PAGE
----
Polar Bear (Ursus maritimus)

The polar bear lives in the icy regions of the far north. They live in the dry and frozen tundra located in the northern regions of Canada, Russia, and Greenland. They spend a lot of their time on ice and prefer to stay the whole year if possible. When feeding they sit on ice for hours, waiting at air holes used by seals in order to snatch up their prey when it comes to breathe. Polar bears are even able to swim for certain periods of time. When there are young polar bears will make a den or cave in the ice and snow in order to block out winds and precipitation.

Polar bear's skin is actually black, with thick clear fur, not white, coating their entire bodies. This allows for greater absorption of heat from the sun which allows polar bears to live in such extreme temperatures. Their tough skin and large amount of blubber also help to insulate the bears and keep out the cold. Their long claws help them to catch seals and pull them out of the water when they are hunting. Polar bears are also active all year round, this lack of hibernation gives the bear more time to feed.

At the age of three, polar bears are usually ready to start making a family of their own. Polar bears are polygamous and usually mate between the spring. The cubs are born in the early winter months. One to four cubs will be born about every three years. The cubs will stay with their mother for about a year and a half where they will learn where to wait for seals, how to smell for prey and what to hunt as well as fighting techniques. They will learn these skills from interactions with each other and watching the movement of their mother.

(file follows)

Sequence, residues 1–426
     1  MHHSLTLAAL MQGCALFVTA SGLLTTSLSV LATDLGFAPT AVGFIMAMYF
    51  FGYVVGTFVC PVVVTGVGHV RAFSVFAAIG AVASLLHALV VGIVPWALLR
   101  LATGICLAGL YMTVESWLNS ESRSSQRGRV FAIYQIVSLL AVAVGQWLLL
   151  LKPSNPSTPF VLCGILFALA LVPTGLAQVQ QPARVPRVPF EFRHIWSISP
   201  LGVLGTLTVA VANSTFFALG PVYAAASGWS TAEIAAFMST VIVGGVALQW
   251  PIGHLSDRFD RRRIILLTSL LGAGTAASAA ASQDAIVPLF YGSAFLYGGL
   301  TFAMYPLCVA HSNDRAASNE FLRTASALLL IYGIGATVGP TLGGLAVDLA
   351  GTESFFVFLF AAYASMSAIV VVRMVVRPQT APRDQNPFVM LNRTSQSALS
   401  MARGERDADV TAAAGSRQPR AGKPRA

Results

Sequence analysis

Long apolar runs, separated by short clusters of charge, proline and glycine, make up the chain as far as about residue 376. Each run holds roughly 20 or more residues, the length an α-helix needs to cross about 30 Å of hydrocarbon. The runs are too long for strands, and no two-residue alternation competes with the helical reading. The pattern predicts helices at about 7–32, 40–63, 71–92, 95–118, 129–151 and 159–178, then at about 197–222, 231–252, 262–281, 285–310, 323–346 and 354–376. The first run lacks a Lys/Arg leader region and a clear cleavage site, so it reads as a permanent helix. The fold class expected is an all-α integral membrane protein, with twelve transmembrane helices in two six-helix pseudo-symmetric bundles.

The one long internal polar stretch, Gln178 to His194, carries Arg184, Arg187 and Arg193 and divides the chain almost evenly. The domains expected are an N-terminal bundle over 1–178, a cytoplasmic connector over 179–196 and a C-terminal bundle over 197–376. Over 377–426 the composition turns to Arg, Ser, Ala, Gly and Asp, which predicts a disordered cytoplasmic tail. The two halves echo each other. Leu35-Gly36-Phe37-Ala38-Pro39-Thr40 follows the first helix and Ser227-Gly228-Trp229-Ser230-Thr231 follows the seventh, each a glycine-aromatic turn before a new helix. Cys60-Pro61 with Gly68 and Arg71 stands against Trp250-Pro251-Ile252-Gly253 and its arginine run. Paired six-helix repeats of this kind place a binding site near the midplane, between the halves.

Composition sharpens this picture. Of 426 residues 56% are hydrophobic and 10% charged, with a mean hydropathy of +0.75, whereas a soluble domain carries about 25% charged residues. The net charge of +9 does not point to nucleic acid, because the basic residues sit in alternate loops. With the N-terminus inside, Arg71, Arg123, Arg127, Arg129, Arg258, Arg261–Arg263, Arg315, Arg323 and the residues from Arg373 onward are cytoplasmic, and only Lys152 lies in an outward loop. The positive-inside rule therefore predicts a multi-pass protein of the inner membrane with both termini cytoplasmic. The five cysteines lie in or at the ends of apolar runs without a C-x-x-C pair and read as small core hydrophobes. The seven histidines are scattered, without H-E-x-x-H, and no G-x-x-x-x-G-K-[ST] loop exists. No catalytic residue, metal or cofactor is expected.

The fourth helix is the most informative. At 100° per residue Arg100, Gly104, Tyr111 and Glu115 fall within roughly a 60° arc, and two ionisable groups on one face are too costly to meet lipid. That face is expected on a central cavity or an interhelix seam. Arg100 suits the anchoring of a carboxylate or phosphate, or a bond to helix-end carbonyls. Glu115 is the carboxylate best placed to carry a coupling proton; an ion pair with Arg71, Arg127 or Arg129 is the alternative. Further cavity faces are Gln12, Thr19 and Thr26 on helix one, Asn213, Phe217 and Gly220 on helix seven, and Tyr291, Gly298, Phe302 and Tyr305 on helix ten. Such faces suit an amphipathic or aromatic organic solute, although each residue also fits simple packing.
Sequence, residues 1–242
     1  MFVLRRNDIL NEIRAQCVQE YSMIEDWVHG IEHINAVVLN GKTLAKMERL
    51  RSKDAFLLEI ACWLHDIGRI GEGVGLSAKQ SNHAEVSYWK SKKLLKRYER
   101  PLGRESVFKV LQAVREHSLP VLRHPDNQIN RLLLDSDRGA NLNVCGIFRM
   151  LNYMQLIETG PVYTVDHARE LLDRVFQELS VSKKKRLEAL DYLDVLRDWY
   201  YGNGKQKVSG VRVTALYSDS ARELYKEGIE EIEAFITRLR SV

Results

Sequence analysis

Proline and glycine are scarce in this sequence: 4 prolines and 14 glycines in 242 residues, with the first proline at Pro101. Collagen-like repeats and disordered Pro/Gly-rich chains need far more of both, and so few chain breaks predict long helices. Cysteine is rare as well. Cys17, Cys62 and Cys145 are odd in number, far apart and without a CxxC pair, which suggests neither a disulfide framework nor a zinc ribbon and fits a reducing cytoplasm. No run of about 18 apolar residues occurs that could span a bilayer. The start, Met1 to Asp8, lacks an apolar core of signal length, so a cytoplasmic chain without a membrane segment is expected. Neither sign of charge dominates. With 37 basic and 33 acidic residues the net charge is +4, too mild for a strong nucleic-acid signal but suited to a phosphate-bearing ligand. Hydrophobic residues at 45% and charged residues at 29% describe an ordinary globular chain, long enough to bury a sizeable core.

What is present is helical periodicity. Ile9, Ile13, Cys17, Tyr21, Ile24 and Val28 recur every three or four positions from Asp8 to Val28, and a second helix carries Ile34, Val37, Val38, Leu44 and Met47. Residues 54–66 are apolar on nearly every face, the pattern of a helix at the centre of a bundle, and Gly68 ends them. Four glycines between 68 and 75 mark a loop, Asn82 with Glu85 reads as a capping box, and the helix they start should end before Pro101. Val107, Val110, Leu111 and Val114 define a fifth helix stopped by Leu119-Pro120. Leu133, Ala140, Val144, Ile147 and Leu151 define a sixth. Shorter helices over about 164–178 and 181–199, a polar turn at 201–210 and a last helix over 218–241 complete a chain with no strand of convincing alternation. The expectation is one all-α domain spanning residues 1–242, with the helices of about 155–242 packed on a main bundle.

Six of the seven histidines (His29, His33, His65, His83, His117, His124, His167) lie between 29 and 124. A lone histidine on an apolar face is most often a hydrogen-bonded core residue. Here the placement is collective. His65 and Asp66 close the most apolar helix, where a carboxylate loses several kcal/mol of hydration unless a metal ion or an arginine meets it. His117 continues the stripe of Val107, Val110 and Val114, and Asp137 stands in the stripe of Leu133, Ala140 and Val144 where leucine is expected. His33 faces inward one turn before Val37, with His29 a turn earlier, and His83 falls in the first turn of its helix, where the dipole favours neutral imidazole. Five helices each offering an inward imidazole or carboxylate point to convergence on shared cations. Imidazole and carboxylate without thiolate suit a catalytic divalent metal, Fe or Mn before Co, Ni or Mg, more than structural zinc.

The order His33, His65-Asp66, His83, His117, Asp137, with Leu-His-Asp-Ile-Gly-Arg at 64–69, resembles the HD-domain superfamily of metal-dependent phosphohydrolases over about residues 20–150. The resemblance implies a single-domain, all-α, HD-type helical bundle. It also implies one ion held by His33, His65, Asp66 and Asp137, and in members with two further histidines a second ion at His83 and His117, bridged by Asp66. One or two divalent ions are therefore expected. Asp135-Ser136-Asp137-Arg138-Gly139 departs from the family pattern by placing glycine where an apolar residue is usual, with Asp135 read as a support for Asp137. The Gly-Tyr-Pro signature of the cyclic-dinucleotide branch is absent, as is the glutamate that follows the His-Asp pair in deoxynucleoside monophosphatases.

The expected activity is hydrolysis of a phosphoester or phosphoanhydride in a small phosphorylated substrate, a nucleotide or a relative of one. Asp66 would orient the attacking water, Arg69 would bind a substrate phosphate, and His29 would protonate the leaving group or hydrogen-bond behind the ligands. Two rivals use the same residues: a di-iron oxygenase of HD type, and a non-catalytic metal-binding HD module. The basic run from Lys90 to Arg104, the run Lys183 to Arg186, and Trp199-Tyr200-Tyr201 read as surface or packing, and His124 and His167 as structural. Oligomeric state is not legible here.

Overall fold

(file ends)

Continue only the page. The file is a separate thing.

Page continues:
Polar bears are known as the most carnivorous of all the bears in North America. They feed mainly on seals, as they need the fat from seals for sufficient energy. They will also eat birds, small mammals, fish and dead animals. A bear will generally eat every three to four days however a bear can go up to two weeks without feeding if food is scarce. Polar bears do not have much competition with other tundra predators due to their size. They compete with wolves and perhaps arctic foxes for small mammals as a food source however their main food source of seals goes unchallenged by any other land predator. Humans pose a large threat to bears, as pollution increases such as gas emissions, the ices that polar bears live on are heating up, this means that their hunting grounds are shrinking. Also people kill polar bears for sport, or out of fear for their lives or the lives of their livestock. Hunting has also increased as bears are starting to move farther south into inhabited territories in search of food.

Body Length 3.05 metres
Tail Length N/A
Wingspan N/A
Life Span 25.00 years
Weight 907.18 kilograms